Thanks, I didn't know that. When I was putting the list together I wondered why he seemed to come into the league so late. I forgot about the USFL.

They don't seem to talk about age in projecting players in the NFL as they do in baseball. I guess the careers are so much shorter people are just looking for the few peaks years from say 24-29.

31
by tuluse :: Sun, 05/22/2011 - 11:11pm

I'm not sure this list is all that useful. Mainly because some of these players didn't get on the field in their first year or two. Sacks per game played would be more enlightening.

Still, 30 sacks over 4 years is nothing to sneeze at.

33
by Dan :: Mon, 05/23/2011 - 2:10pm

Those numbers are misleading because Edwards started unusually young. On this list he's a compiler, accumulating those sacks over 5 years while never topping 8.5 in a season (he went: 3.0, 5.0, 5.0, 8.5, 8.0). Look at the 3 players closest to Edwards on the list. Reggie White got his 31 sacks in only 2 seasons, joining the NFL at age 24. Leslie O'Neal played only 2.5 seasons, missing a year and a half due to a knee injury after getting 12.5 sacks as a rookie (and then getting another 12.5 sack season in at age 25 after he recovered). LT didn't miss a game during his first 4 years, but he also only had 2.5 seasons worth of games to get his 28 sacks - his rookie season (1981) came before sacks were recorded and then half of 1982 was lost to the strike.

If you look at the players who had the most total sacks during their age 23-25 seasons, Ray Edwards comes in 69th at 21.5 sacks, tied with Eric Hicks, Joe Johnson, Tony Tolbert, and Bryant Young.

30
by srsbzns (not verified) :: Sat, 05/21/2011 - 12:54am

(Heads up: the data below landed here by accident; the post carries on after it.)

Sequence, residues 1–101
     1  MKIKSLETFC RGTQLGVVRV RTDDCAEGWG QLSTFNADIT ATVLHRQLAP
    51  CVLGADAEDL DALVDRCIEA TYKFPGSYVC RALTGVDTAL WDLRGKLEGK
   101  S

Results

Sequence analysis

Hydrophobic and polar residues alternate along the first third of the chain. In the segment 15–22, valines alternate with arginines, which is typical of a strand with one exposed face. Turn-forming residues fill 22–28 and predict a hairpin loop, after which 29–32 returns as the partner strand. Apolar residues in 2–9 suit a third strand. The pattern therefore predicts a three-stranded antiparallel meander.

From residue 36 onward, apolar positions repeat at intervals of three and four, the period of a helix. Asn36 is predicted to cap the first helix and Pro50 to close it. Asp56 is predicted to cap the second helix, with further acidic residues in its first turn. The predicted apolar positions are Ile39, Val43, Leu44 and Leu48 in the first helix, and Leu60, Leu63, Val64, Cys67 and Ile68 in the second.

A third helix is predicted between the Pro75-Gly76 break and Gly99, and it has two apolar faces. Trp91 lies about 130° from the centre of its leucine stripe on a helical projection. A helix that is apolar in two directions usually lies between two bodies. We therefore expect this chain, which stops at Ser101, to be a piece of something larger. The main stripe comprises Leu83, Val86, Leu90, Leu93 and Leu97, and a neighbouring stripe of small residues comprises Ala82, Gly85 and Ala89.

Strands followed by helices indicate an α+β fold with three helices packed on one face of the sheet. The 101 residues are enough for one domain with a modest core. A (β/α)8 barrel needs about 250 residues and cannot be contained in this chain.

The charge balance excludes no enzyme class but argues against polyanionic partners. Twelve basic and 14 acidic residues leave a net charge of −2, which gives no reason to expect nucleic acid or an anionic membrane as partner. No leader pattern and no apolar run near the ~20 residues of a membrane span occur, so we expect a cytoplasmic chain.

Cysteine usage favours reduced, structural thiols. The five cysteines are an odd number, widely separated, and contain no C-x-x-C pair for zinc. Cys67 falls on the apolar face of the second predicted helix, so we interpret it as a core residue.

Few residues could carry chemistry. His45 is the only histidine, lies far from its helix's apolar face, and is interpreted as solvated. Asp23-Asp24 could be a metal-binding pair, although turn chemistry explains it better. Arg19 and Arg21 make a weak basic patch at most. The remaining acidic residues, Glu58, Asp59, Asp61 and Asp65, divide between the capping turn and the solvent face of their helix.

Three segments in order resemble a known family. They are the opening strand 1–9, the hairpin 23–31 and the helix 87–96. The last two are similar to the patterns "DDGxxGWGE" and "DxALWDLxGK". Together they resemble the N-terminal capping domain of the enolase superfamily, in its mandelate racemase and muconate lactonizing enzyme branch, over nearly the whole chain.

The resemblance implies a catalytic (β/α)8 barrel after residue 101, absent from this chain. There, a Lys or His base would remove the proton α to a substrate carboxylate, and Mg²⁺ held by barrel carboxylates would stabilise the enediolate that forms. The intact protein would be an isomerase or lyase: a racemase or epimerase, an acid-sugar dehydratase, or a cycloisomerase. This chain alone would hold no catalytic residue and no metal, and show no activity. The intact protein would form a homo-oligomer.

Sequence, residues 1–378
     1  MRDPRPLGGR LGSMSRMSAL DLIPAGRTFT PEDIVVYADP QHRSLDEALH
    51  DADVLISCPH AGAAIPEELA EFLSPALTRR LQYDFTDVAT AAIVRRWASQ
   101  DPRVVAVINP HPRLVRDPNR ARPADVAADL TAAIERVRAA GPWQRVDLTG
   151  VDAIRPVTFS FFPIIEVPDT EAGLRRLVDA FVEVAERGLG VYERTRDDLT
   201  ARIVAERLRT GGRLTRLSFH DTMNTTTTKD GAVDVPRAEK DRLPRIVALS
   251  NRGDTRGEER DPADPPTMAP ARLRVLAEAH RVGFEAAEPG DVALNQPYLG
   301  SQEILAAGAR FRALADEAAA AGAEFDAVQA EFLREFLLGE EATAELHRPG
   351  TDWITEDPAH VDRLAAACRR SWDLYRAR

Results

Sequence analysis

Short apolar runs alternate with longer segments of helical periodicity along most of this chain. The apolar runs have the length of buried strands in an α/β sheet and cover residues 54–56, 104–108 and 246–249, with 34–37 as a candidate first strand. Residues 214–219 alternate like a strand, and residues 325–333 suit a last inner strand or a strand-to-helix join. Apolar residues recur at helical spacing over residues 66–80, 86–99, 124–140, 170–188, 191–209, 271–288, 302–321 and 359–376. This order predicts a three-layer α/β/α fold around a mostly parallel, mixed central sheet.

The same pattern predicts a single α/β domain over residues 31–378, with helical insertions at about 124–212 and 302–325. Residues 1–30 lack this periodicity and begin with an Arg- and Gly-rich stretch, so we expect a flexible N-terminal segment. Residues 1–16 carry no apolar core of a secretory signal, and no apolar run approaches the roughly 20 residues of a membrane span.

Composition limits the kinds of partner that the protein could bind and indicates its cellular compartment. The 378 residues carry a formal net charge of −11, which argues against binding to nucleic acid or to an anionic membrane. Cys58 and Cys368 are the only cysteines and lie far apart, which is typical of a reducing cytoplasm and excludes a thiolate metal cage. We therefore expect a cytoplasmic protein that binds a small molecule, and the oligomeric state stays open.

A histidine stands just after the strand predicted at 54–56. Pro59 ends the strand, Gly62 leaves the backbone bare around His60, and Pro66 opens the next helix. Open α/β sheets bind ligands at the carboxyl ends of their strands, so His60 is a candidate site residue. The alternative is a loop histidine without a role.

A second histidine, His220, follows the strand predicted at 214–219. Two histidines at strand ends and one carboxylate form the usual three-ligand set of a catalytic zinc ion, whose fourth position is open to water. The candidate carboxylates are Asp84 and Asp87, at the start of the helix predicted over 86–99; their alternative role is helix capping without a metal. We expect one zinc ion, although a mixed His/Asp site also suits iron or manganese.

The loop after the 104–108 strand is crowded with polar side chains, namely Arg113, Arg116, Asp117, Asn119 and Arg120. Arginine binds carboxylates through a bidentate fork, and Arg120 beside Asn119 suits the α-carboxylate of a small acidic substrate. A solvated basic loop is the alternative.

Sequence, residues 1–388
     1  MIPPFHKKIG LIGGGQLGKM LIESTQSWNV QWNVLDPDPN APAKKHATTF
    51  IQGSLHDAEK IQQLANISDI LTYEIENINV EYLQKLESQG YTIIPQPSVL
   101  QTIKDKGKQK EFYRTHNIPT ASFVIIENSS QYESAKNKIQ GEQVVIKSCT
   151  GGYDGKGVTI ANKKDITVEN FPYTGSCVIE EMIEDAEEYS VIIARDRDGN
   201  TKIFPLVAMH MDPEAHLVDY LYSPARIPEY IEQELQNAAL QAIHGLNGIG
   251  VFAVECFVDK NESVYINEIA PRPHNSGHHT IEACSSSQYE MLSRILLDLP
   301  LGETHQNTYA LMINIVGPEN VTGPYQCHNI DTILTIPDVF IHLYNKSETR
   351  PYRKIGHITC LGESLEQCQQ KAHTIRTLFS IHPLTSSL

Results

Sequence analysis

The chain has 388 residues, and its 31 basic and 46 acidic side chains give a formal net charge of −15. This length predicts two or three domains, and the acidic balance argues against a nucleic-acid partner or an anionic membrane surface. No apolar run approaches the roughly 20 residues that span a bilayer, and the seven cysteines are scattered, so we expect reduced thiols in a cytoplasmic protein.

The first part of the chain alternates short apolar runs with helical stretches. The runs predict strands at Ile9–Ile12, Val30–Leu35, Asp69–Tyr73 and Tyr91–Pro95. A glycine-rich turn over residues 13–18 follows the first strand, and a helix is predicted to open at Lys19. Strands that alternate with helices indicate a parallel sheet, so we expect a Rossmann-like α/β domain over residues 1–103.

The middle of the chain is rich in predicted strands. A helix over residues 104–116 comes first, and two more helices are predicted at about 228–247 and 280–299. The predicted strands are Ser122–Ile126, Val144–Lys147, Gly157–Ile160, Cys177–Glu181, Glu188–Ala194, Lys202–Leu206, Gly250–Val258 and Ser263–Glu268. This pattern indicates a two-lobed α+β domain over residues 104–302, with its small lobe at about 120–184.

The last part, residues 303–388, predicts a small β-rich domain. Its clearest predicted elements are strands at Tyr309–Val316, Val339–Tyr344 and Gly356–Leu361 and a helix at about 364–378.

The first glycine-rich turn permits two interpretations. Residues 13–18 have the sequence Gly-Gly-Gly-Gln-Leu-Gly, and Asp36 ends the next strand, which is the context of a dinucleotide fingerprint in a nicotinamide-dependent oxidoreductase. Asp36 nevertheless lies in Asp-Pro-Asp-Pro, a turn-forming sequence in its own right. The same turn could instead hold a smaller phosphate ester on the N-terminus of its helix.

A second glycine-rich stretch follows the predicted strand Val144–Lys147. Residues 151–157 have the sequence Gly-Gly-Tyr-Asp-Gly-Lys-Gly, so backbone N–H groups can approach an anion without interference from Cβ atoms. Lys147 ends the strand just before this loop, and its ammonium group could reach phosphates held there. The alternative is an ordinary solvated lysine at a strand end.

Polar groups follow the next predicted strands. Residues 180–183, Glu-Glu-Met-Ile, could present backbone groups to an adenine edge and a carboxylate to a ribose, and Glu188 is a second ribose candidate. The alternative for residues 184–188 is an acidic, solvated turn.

I wouldn't necessarily expect to see Carimi at LT this fall (or winter, or whenever). He seems like more of a natural at RT, which probably puts Webb at LT and Omiyale at RG. Maybe the other way around, but the Omiyale at tackle project wasn't working out very well. Not that Webb was all that great either, but I think his ceiling is higher, maybe just because he is younger.

34
by LionFanInAZ (not verified) :: Mon, 05/23/2011 - 5:37pm

While I agree that the Lions' secondary is a significant concern, it's actually the LB corps that was in far worse shape, thanks to Bad Millen and injuries. The Lions were dismal against the run up the middle and against TEs and RBs out of the backfield. If they can somehow shore up those aspects it will be harder to nullify the pass rush by the D-line. Unfortunately, the Lions did not do much to obviously upgrade the LBs either, except for drafting Hogue. Obviously they weren't going to do it in the 1st round, but they gave up 3rd and 4th round possibilities to get Leshoure (not that I'm complaining too much). I think the Lions were hoping to get some help through FA and trades but the blasted lockout is taking a serious bite out of that. I'm not sure how easy it is either because Schwartz and Cunningham like LBs that are flexible enough to play either Will or Sam.